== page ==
With its light shades and subtle veining, marble is the most commonly used natural stone in interiors. Marble surfaces look delicate, elegant and classic. The texture of marble reminds that of crystal. Its colours can range from the most favoured bright white to black, brown, red, green, blue.
The name marble comes from the Greek word marmaros, which means a shining stone. Due to its eye-pleasing partial transparency and variety of colours, marble is widely used for decorating fireplaces and walls, for laying floors and stairs, for making window sills and columns. Even Michelangelo's sculptures have been carved from Carrara marble! Isn't it amazing that you can use the same material for your kitchen countertop?
The purest white marbles look almost translucent as light can penetrate into them 1-2 cm deep and reflect itself from the inner planes. Light scattering in the marble gives it a waxy appearance. The cleanest marbles are those with the highest calcite content. Clear marbles are found in different countries, but the most famous Carrara marble comes from Italy. Marbles that are predominantly calcite are the softest, as calcite hardness equals 3 on the Mohs scale. Marbles that have more impurities and are therefore darker tend to be harder. They can be as hard as 4 on the Mohs scale.
Marble is not only valued for its romantic appearance. This charming stone is also resistant to fire and erosion. White marbles look great as windowsills because of their light reflecting abilities, black marbles make fantastic countertops. Columns, floors and stairs are often made of pink, grey, red marble. Marble surfaces can be honed, aged, combed or polished to a high gloss, worktop edges can be straight, classic or uneven.
Marble is a metamorphic rock. This means that it formed in the earth's interior from other rocks such as limestone or dolomite. Extremely high temperatures and enormous pressures are needed for the transformation (metamorphosis) to happen. When the limestone crystallizes into marble, no fossils are left in it.
Before getting underneath the ground, sedimentary rock deposits are formed at the surface. Over millions of years, as the earth's crust moves, thick layers of sand, clay, chalk and other rocks slowly sink downwards. The further down they go, the higher the temperature and the higher the pressure. These two factors cause limestone to change when it reaches the certain depth. Thus limestone transforms into a new rock - marble.
The whitest marble is the result of the transformation of extremely clean limestone and is composed of grains of a single mineral calcite. Other colours, veins and bands in the marble are due to impurities - admixture of sand, clay, iron oxide, aleurite. The most common shades of marble apart from white are black, red and brown. Hematite dyes marble red, limonite, yellow. Silicon and serpentine minerals, formed by the presence of magnesium or dolomite in limestone, give marble shades of green.
Marble texture can be homogeneous, mottled or banded, and the grains can be of different sizes. If the limestone contained iron, aluminium and silicon, it is not surprising to find hematites and magnetites formed in the marble. The majority of commercially used marble deposits date back to the Palaeozoic and Precambrian periods, which lasted about 300-550 million years ago and even earlier.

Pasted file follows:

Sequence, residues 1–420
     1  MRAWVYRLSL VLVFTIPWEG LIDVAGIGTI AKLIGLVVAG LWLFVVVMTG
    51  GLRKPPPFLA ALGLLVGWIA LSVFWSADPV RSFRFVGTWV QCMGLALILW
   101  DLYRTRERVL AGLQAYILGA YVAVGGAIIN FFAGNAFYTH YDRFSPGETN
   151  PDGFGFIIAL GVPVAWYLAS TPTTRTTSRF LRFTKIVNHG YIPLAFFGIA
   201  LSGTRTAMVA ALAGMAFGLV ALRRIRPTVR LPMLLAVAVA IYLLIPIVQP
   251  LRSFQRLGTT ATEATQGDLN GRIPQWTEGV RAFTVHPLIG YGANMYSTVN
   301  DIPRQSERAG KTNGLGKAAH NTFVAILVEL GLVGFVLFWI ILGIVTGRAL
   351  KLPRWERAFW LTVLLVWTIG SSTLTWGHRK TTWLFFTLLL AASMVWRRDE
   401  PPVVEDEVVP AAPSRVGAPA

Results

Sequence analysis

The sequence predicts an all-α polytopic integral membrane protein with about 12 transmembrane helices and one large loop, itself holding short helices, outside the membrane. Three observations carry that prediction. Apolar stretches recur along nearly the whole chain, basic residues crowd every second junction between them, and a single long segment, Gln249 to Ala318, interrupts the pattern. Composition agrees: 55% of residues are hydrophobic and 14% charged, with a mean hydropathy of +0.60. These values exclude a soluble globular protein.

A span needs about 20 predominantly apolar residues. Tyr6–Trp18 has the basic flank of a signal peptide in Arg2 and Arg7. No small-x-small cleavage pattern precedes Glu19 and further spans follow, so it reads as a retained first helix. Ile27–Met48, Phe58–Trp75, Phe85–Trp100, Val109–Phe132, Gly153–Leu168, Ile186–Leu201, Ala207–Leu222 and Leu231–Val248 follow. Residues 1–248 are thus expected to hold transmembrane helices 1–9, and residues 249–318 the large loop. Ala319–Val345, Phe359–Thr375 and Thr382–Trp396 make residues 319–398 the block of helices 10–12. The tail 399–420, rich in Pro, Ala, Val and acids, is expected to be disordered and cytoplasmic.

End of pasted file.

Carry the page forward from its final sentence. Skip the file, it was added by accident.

The largest deposits of marble are found in India, Pakistan, Italy, Spain, Portugal, Greece, Egypt and Brazil. Marble also comes from Belgium, France, the UK, South America and the USA. Marble slabs quarried in different countries come in slightly different or very different colours and patterns. In Europe, Carrara marble from Italy is the most popular. in Asia, the most popular marble is Beijing White.
Marble is quarried very carefully because it is difficult to break it down into regular layers. The square blocks of marble are usually separated from the bed by drilling into it long lines of parallel deep holes. Special machines with powerful drills are used for this. Once the holes have been drilled, wedges are hammered into the openings and the marble block is separated by widening them.
When the blocks arrive at the processing workshops, they are sliced into pieces of the desired size and thickness using a thin, strong diamond wire (or sets of such wires). For some machines it takes an hour or even longer to make one cut through the marble block, others cut ten slabs at the same time.
Damaged marble slabs, smaller chunks, chips and even crumbs are also used. They are ground into stone dust, which is used to make artificial stone surfaces. Different amounts of marble dust are mixed into engineered quartz, sintered stone, acrylic solid surface materials.
Living room furniture tops
Patios and outdoor flooring
Exterior wall cladding
Swimming pool tiling
SPA and wet rooms
Marble should not be cleaned with acidic cleaners. Acids can dissolve the calcium particles in marble and corrode it. Acid cleaning transforms the surface of marble from glossy to matt, non-glossy patches may occur. It is recommended to clean marble with a neutral pH cleaner and to seal it every 12 months. Even sealed marble should not be cleaned with acidic cleaners as they break down the sealant and may stain the marble surface.